“IT people come in when the data is going to be communicated over their networks. There are security challenges with a live connection over the internet.  However, again, you could load historical BAS data as a .csv file and get a lot of value. For this, IT doesn’t need to be involved. So, prove value with just utility data, and then with just historical BAS data. With proof of results, your request for live connection to the Internet to get realtime data will get the necessary support. You may want to connect to the enterprise database to get realtime production data, such as square footage that is leased in an office, hours that kitchen equipment is in use for a restaurant,  the number of beds filled in a hospital. If you are going to access enterprise data and use a cloud-based service, IT will want to know what the security regime is.”

David Borchardt:

“It is important that the IT folks be engaged. In our case, IT hired the analytics company. We made the decision to allow these data analytics experts to drive the project. IT was experienced at defining such cloud service contracts. For example, in our contract, we said analytics supplier needed to give us the data back if we ended the contract.”

John Petze:

“Yes, owners need to know they can get their data. Here’s another point: Even with open protocols like BACnet and oBix, vendors can claim support but make slight formatting changes that make live connections brittle and incompatible with other systems that want the data. With movements like Project Haystack, the industry is moving toward self-describing or semantically-defined language that will make translation – the data cleansing step – more straightforward.

Misconception #5. ROI isn’t there

David Borchardt:

Our experience with the three Towers buildings was that analytics projects can be profitable. Savings from reduced electricity use in the first year alone exceeded total project expenses by more than $74,000. These results were achieved by non-disruptive operational improvements and no substantial capital investment. We could do some peak shaving and demand response once we got our buildings under control. This shortened our payback down to ‘as quickly as we could file and the money came in.’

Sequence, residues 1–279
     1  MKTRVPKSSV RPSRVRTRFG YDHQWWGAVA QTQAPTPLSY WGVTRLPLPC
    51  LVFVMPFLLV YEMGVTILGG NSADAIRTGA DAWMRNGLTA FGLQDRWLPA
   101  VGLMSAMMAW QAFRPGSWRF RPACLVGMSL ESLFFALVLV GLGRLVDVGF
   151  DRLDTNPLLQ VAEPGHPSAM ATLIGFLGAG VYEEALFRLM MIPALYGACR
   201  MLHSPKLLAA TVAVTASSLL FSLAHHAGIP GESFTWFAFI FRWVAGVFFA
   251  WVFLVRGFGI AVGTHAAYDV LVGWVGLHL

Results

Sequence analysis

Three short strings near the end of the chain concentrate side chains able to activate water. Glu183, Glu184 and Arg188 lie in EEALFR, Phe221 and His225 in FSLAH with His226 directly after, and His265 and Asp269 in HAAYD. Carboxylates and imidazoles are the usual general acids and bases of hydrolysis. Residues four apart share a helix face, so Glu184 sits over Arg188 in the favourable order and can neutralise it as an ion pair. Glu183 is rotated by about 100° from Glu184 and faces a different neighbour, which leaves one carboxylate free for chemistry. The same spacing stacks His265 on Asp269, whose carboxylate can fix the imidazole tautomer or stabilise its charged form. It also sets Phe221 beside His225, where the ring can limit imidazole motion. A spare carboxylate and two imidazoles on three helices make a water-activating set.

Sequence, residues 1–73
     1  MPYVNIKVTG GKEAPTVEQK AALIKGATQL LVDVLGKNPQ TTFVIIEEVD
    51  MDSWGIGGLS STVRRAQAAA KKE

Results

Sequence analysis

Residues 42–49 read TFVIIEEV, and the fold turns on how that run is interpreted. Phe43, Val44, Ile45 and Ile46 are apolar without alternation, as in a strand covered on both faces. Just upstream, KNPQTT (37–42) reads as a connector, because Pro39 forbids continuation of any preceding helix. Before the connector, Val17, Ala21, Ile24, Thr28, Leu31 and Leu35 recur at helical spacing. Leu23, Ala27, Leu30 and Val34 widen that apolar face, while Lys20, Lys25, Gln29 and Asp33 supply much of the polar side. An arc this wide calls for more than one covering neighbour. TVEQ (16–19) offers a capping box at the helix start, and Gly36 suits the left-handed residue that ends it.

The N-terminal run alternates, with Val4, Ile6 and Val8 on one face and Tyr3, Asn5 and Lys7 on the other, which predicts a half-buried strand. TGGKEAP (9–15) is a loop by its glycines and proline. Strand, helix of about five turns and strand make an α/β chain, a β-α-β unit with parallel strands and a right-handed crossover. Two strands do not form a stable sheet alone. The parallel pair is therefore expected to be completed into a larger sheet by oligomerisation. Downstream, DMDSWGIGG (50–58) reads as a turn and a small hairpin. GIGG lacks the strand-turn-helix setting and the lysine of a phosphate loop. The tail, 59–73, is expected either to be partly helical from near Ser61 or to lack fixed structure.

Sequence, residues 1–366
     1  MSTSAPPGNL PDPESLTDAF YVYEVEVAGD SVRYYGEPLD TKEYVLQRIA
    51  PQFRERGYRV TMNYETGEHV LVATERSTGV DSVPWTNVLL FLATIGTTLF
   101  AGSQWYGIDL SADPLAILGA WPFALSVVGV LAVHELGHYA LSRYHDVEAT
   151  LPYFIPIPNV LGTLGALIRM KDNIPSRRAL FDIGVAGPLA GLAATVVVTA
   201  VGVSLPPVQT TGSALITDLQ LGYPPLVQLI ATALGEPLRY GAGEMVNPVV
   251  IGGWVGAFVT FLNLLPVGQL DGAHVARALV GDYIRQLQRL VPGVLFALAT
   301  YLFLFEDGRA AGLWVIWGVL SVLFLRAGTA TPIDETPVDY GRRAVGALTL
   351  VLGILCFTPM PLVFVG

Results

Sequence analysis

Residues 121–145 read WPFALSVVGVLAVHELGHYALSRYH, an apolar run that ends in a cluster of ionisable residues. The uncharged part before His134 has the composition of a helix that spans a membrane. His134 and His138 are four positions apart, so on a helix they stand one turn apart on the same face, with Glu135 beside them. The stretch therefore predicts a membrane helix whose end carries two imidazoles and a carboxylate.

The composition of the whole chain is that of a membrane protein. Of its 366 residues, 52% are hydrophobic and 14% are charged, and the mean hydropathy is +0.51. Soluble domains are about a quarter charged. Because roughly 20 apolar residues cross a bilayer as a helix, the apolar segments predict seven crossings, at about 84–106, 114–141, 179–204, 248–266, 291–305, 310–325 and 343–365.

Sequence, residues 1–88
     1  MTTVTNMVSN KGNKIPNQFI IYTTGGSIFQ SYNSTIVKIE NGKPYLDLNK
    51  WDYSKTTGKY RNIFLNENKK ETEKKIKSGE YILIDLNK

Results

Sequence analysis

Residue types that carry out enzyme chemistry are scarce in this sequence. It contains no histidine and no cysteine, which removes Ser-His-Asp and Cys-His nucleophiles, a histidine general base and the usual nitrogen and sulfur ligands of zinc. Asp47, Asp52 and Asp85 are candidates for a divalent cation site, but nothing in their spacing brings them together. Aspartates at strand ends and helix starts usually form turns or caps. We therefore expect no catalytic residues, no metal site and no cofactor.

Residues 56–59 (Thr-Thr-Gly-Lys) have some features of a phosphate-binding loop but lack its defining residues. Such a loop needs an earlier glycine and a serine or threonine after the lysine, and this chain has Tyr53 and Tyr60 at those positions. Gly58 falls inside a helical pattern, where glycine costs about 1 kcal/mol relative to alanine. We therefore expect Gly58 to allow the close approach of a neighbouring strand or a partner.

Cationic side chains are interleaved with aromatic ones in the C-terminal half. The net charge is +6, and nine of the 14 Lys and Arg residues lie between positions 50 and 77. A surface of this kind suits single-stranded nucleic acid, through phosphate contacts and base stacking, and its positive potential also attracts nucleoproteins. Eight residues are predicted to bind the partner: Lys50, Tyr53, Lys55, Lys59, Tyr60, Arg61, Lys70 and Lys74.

Matt Schwartz:

ROI comes in many forms. Data is especially empowering in vendor relations. It’s hard to define the dollar value on data that helps to keep everyone honest in these relationships.  When there is a question about who is responsible for the automation framework not working, analytics lets building owners verify vendor implementation.  In one case, a vendor refused to make a change for an Altura client.  When the building operator sent over the visualized SkySpark data, the vendor was very quick to come out and fix the problem.  We then went through a few iterations, with the vendor making fixes and additional SkySpark analysis to verify the solution was correct. 

The panel event that was the source of the above conversation, is available as a webcast from CoR Advisors. It also included Darlene Pope, President and Founder of CoR Advisors, a consulting firm who advises building owners on energy efficient solutions for buildings; David Borchardt, who as Chief Sustainability Officer of Tower Companies, initiated and oversaw an energy management initiative in three large, multi-tenant office buildings in downtown Washington, D.C.;  and Matt Schwartz of Altura Associates, an innovator in the area of data-driven building commissioning.